How to Manage Windows Update with Active Hours Feature

Windows 10 Anniversary Update, returns some control to users by providing more flexibility for scheduling when updates are installed and the PC restarts.

Since the launch of Windows 10, Windows Update has received a lot of controversy about how Updates are scheduled. Previous versions of Windows gave users more control over updates. In Windows 10, Microsoft has made updates a mandatory part of keeping your system current. There is sound reasoning for this. I have come across computers that have rarely been updated, which can easily make a system vulnerable to attacks.

Of course, there needs to be a balance. One of the major complaints about Windows Update in Windows 10 is its disruptive nature. We have discussed how users can better manage Windows Updates. Windows 10 Anniversary Update, returns some control to users by providing more flexibility in scheduling when you can install updates.

How to Manage Windows Update using Active Hours

Click Start > Settings > Update & Security > Windows Update. Under Update settings, two new options have been added — Change Active Hours and Restart Options. If you will be busy using your PC during certain times of the day, and you can let Windows know, and prevent your device from automatically restarting.

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Active hours must be 10 hours less (I think Microsoft could be a bit more flexible with this option, though).

Since my computer is normally between the hours of 8 am to 12 am. For most business users, work hours are typically 8 to 4 PM, so this is reasonable outside of home use.

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Once you have configured the hours when you are active, click the checkbox then click Save to confirm changes.

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Active Hours does give users an option to set a grace period using Restart options. If you need more time before a scheduled update kicks in, you can override it. Click the Restart options link, then toggle on the custom restart time. Choose a time and day when you would prefer the restart to take place.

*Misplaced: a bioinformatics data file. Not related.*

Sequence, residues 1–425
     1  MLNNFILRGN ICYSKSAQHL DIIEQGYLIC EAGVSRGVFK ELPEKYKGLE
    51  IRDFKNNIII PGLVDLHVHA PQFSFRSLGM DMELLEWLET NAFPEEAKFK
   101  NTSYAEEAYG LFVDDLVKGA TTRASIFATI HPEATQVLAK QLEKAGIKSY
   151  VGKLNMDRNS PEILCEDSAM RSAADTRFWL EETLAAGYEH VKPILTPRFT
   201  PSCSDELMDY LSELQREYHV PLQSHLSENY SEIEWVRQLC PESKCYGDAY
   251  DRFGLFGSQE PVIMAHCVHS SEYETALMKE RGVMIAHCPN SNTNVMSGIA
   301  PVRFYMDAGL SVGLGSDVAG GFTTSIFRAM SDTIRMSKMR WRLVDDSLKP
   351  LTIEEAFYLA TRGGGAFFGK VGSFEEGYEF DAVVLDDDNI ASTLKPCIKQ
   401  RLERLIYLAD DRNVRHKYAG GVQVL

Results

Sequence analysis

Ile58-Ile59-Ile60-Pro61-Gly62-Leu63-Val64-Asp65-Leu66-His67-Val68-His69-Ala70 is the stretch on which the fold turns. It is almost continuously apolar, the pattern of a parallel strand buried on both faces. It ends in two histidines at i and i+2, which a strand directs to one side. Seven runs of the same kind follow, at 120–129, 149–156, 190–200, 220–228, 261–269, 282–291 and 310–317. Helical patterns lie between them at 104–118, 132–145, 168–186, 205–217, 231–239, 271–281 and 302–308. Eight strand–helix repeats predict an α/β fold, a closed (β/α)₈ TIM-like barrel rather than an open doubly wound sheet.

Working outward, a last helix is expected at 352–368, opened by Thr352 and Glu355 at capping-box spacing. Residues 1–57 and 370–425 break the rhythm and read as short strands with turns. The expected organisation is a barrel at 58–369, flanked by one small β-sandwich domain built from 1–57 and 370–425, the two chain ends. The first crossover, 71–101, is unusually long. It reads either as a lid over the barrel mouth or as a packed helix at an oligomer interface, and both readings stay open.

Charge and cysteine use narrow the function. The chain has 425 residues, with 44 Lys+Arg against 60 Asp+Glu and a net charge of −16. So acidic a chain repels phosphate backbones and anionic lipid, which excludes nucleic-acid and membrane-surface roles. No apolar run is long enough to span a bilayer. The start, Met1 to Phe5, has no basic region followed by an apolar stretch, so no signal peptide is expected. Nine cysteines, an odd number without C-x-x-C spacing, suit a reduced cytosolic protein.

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Active Hours and Restart options in Windows 10 Anniversary Update takes the confusion and risk out of trying to disable or block updates. What I like the most is how easy and straightforward the options are. There could be more flexibility, but the options provided especially with Restart options are quite reasonable. Users running previous revisions of Windows 10 will definitely welcome this change.



  1. Dennis  

    As my computer is only on when I am using it this option won’t help me, yes? So when online I’m going to be stopped working when it updates. Urgh!

  2. Hapuku  

    Yes – so much of computing nowadays is designed for modern 1st world urban society relying on computers being permanently on and permanently connected to the internet. Any design for those living in less connected environments with less reliable power supplies and even less reliable and much more expensive internet connection tends to be patch-work. The divide is growing wider.

  3. The previous solutions we provided are still an option for blocking updates such as Defer feature updates and also blocking them completely. You also have the option to over-ride a restart if you so desire. Its actually a bit more flexible.

    • Robin Window  

      Why do they have to make it so unneccessarily complicated.
      Why not like previous Window systems,install updates when you shut down,not rocket science.

  4. Dennis  

    Also after an update and switching on again it is necessary to wait while ‘getting your computer ready’ and then ‘configuring your updates’ or some such messages needing you to sit back and wait sometimes 10 minutes or so before you can use your computer. Perhaps this is necessary but why? Any explanation?

    This nonsense never happened with XP updates.

    • Robin Window  

      Updates happen once a month so what if you have to wait 10 minutes every 30 days or so?
      Are you in such a hurry you are unable to spare this time?

      • Linda Ellis  

        It’s the unpredictability that is the problem – suddenly your computer (apparently) grinds to a halt with no indication of what us going on, or how long it is going to take. It would help if you just got a message – “downloading windows update”, or “installing windows update” – then at least you wouldn’t start looking to see if you have an internet problem, or thinking that the program you are using has hung.

  5. Simon  

    This is useful for a single machine, but when trying to change the setting within group policy all other items in the policy appear to be applied but ‘Turn off auto-restart for updates during active hours’ although enabled still shows the default times on the PC’s under the policy?

    Any Ideas?

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